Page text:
When Mudvayne releases its fourth studio album The New Game in November, the record will be new to fans but a year and a half old for the band. Having the tour for its previous record and with vocalist Chad Gray and guitarist Greg Tribbett joining forces with Pantera's Vinnie Paul in Hellyeah, the band opted to sit on the album as opposed to rushing it out to the market– a good choice, considering the set's shift towards bigger choruses and more accessible melodies.
"There's a bit of pop mentality to the way we like to write together, and maybe we've gravitated towards that over the years," bassist Ryan Martinie tells Rock Daily. "There's friendlier songs, where we're not alienating the listener. Maybe we didn't want to alienate ourselves either." When the band decided the time wasn't right to release The New Game, they reconvened and cranked out another batch of songs – a whole new album's worth. While those songs won't make it into the live show yet, the next record could see the light of day as early as spring 2009.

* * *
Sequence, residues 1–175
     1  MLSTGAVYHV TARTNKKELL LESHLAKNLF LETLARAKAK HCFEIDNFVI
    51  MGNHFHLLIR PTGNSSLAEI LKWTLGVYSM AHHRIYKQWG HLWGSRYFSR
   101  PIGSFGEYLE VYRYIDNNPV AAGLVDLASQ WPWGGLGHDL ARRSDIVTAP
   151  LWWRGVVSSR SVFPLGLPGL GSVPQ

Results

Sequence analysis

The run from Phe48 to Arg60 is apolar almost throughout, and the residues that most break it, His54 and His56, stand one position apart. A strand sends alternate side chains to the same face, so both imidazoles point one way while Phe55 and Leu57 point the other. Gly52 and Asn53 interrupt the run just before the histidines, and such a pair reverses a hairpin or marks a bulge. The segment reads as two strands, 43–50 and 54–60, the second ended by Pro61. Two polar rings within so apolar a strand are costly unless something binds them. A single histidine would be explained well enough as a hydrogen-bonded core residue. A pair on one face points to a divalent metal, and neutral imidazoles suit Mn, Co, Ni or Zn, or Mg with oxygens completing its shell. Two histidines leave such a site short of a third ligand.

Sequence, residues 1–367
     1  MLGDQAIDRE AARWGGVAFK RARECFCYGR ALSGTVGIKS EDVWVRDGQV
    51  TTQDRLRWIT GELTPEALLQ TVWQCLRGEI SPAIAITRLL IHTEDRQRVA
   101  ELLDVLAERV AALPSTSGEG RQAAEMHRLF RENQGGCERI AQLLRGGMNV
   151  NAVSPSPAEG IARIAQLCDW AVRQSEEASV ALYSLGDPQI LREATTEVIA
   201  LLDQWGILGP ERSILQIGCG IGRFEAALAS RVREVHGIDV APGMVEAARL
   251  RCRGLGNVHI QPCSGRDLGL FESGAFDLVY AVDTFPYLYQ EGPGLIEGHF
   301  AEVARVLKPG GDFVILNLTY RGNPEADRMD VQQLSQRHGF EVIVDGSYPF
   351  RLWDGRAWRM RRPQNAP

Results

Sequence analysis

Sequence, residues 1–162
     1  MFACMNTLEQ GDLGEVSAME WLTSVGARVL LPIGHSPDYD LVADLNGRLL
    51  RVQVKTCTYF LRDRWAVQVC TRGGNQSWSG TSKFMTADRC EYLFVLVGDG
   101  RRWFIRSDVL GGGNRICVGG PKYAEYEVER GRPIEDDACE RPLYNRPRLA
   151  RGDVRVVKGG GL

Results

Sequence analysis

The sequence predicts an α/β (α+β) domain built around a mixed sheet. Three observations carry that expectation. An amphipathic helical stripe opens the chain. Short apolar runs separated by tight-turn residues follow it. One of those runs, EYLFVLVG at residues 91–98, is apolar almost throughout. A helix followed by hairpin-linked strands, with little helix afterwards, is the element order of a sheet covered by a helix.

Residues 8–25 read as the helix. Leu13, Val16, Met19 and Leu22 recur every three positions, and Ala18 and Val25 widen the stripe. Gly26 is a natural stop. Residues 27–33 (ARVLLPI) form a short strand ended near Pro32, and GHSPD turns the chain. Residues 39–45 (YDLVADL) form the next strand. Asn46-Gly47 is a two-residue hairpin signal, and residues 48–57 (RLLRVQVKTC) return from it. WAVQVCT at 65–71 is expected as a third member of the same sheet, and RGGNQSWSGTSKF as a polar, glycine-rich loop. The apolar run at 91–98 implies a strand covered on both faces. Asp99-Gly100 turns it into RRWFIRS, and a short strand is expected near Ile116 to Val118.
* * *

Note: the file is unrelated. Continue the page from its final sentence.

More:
As one of the last bands standing from the nu-metal pack at the turn of the millennium, the band survived by not overplaying its initially cartoonish visual component and discouraging members to grow dreadlocks. Martinie isn't sure why some bands failed and others can still release platinum albums, but warns about one of the least-likely nostalgia movements in music. "You have a band like Disturbed that's still around and writing great music," he said. "The 'nu-metal' genre was the uncool thing to listen to for a while, and I think it will come back around. People will say, 'I forget that I loved that song so much.' People will come back to it, maybe like they do with Eighties songs or bad Nineties pop."
To read the new issue of Rolling Stone online, plus the entire RS archive: Click Here
Picks From Around the Web
blog comments powered by Disqus